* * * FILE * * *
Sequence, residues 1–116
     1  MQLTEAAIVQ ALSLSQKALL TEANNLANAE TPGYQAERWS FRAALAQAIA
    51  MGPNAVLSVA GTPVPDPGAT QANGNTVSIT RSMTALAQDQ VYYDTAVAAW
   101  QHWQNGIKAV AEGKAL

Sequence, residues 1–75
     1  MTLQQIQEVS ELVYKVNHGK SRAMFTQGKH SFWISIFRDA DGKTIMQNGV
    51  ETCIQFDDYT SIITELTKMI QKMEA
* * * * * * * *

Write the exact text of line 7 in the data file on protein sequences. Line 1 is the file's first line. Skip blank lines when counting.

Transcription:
    51  ETCIQFDDYT SIITELTKMI QKMEA